4D STEM Strain Mapping


Mechanical and electrical properties of materials are directly related to the variations in their atomic spacing (strain). In a transmission electron microscope (TEM), one can measure the crystal lattice deformation by comparing the interplanar distances (d) in the interest area to an unstrained reference region.

Imaging methods (e.g., high-resolution TEM (HRTEM) or scanning TEM (HRSTEM)) measure the interplanar distances (d) and diffraction methods (e.g., nanobeam electron diffraction (NBED)) measure the reciprocal distances (g = 1/d). 

Both of these methods in the TEM provide two-dimensional (2D) measurements of the crystal lattice deformation, which you can represent using a 2 x 2 matrix. You can then calculate the 2D strain maps, as shown below:

STEMx™ applies the same theory for strain measurements using NBED datasets in Gatan Microscopy Suite® (GMS), as shown in the flowchart below:

4D STEM data collection considerations for strain mapping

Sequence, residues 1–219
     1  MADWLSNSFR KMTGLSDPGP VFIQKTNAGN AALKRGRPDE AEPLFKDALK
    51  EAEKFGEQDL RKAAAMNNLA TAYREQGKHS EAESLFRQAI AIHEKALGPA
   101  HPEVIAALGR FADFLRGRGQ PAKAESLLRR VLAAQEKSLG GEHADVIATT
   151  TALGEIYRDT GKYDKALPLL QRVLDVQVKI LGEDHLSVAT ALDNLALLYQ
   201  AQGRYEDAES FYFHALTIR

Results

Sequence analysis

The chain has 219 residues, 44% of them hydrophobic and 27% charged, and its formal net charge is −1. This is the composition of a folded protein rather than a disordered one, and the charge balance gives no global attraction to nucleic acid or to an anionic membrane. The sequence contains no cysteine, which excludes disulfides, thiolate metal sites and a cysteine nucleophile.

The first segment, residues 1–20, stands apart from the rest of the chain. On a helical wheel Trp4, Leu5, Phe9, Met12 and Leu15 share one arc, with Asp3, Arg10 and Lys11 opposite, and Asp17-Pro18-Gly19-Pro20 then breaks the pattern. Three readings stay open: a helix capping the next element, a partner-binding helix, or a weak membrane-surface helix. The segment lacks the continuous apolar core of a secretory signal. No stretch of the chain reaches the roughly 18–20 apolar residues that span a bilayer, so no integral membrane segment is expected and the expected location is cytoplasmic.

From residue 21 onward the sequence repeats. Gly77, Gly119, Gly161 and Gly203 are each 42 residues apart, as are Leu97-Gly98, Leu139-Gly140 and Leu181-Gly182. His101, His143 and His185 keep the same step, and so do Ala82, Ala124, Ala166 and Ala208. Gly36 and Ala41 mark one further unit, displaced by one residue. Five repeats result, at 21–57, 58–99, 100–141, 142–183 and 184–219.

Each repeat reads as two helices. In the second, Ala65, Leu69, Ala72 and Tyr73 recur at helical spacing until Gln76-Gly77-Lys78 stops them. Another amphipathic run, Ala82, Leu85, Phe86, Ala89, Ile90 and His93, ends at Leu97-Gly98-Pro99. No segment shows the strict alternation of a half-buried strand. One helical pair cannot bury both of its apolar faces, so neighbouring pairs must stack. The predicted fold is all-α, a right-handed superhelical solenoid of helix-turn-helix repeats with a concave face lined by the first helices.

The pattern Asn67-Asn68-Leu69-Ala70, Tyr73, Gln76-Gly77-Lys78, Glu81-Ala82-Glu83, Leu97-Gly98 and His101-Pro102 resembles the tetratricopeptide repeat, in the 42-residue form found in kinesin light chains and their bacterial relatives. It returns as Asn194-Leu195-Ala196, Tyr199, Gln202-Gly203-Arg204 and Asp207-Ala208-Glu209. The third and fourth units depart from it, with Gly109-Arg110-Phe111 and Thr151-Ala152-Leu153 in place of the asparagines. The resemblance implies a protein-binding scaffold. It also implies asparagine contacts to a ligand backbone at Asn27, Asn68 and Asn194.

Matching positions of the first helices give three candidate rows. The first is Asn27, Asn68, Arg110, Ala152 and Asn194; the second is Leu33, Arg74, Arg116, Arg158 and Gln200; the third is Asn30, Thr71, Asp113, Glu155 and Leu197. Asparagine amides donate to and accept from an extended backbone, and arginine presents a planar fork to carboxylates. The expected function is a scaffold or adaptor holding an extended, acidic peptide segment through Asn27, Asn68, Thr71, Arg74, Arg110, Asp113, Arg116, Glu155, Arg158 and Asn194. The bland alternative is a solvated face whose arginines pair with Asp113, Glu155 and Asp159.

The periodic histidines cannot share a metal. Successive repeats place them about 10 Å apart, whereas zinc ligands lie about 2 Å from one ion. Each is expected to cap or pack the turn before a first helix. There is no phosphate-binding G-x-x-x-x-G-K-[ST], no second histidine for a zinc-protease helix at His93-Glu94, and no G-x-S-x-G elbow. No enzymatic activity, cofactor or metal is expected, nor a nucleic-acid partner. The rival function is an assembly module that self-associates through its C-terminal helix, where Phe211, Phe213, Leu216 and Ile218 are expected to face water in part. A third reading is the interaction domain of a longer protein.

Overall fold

For the acquisition of 2D strain mapping data, the specimen and microscope setup are critical. This method depends on a 2D array of non-overlapping diffraction disks, with little contrast within the disks, as well as sharp edges to the disks.

Convergence angle: The spatial resolution is determined by the convergence angle (condenser aperture and lens configurations). A larger convergence angle produces a smaller STEM probe (better spatial resolution) and vice versa. On the other hand, the diameter of the diffraction disks directly relates to the convergence angle. A larger convergence angle gives larger disks, and depending on the d spacing, there is a higher chance of disk overlap (should be avoided).

Camera length: Select a camera length that allows you to image the first 2 or 3 orders of diffraction disks on the camera. Keep in mind that the larger camera length spreads the disks over a larger number of pixels (suitable for disk fitting algorithm), but results in less signal per camera pixel (bad for disk fitting algorithm). You should also consider this when selecting the convergence angle.

Specimen thickness and orientation: Choose a sample thickness thick enough so that there is a reasonable amount of scattering (without stress relaxation), but not so thick as to generate inelastic scattering (too much sub-structure in the diffraction disk and poor disk fitting).

Other considerations: Energy-filtered 4D STEM can reduce the inelastic scattering effects and greatly enhance strain mapping results.

Strain calculations

The sample data we use here was provided by the researchers at the Ernst Ruska Center for Microscopy and Spectroscopy with Electrons, Germany.